Will Glasgow-26 Deliver? By Jahangir Kakar

Confession is good for the soul. Will Glasgow deliver? The apprehensions are that it would not.

Paris Agreement divides the world into a choice of haves and have-nots. It offers a set of nations who have reached the developmental-evolution levels to consider the environment as a license of longevity while at the same time a set of nations whose evolution is jeopardised by threats of existence. Poverty, hunger, and illiteracy on the latter’s end while affluence, ampleness, and prosperity on the former’s end will probably jolt the planet into environmental inequity. The question again is: will Glasgow deliver?

Firstly, for the Paris Agreement to realise its objectives, the socio-economic chasms between the developing and the developed world must be minimal. To bridge this gap, the developed world must share their piece of the cake with the developing world, and that too without any explicit or implicit political motives. There is nothing such as a free lunch so will the developed world help the developing world keep pace is a big question. It is also a sturdy challenge that has roots both in history and currency. How to separate politics from environmental dollars is a climate science that needs to be perfected by a humanistic art.

Secondly, COP 26 aims to achieve net-zero carbon emissions by mid-century through phasing out of coal, reducing deforestation, switching over to electric vehicles, and encouraging investments in renewable. These commitments are a handful of choices that can be only opted by countries to which climate change is a luxury and not a necessity. For the developing world where the energy crisis looms around the development pivot and where social sectors press hard for public expenditure, the environment is a luxury unless those needed sectors are satiated. The aims set out above are not ambitious but idealistic given the ground realities of the developed world struggling to work out extreme poverty, hunger, illiteracy, and the socio-economic shocks of COVID 19.

Thirdly, the question of finances required to put ideas into action is very crucial. Though the commitment is to raise and make available US$100 billion per year, there is little to no estimation as to how much would be really required to form the world body to be able to respond to climate change and deliver on the objectives of the Paris Agreement. Whether those funds would be kept off from the political motives and manipulations is not determined either. How transparent and less bureaucratic would the fund’s flow be is again a serious question as if allowed to run through the fatty international organizations, nearly more than half of the US$100 billion a year would be consumed by Graham Hancock’s Lords of Poverty.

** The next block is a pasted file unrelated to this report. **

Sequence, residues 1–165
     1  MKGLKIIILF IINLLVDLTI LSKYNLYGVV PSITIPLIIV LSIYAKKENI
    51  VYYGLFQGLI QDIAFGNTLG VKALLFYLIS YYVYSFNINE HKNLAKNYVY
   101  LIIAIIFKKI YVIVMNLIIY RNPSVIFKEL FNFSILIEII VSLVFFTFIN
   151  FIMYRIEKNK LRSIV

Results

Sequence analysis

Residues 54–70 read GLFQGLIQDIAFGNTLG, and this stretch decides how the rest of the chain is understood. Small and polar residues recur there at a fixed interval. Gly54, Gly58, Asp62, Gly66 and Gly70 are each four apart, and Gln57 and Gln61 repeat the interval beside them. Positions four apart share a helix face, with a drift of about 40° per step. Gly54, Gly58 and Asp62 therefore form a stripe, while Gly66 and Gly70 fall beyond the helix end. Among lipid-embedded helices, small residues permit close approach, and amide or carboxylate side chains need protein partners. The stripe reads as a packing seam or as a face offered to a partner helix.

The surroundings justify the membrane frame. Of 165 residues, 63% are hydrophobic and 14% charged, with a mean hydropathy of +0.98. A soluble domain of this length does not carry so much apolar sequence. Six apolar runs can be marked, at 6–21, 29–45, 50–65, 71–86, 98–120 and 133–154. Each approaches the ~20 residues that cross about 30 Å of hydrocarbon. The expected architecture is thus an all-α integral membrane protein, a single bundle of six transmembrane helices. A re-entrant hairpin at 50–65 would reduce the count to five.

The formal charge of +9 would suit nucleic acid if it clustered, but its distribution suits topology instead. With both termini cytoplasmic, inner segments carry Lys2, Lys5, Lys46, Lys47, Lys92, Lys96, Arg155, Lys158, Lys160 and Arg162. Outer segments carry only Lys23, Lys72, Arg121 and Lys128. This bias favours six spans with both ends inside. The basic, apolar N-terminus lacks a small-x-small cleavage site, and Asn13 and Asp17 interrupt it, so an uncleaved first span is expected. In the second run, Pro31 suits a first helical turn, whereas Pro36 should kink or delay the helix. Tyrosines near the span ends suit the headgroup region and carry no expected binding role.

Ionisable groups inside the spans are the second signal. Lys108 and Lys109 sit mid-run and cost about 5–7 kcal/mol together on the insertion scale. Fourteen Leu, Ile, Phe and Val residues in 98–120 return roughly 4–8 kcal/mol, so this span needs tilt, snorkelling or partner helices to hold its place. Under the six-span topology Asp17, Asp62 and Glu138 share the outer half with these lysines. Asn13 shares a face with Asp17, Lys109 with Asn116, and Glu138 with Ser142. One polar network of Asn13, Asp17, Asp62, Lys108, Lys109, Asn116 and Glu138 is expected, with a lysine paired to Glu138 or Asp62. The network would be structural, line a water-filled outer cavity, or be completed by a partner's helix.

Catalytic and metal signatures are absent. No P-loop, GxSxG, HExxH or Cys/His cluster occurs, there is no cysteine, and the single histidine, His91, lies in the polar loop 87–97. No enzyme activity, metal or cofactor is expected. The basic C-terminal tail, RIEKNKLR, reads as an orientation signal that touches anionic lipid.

The threats of climate change have come upon us so suddenly that our preparedness to respond to them seems very abrupt accordingly. There are once again scores of international plans, strategies, and conventions all focusing separately on different dimensions of this climate affair. What was learned in the case of Millennium Development Goals followed by Sustainable Development Goals and other multilateral environmental agreements was the great disconnect amongst these strategies themselves. A confession which is made in the UN Ecosystem Restoration Strategy 2021-2030 that has well recognised this fact and has for the first time brought all these various conventions together to form a synergy level. Once more we are on the course of even more confusion as reflected from the Paris Agreement, which has become a punching bag between the tycoons of the US and China. Given the great levels of politicisation, there are hardly any chances to keep politics at bay from making inroads into the implementation of the agreement. Unless we keep politics separate from the environment, the aim of net-zero carbon emissions affair will never meet the net-zero end.

So will Glasgow deliver? Well, the apprehensions are that it would not!

Published in The Express Tribune, October 6th, 2021.​

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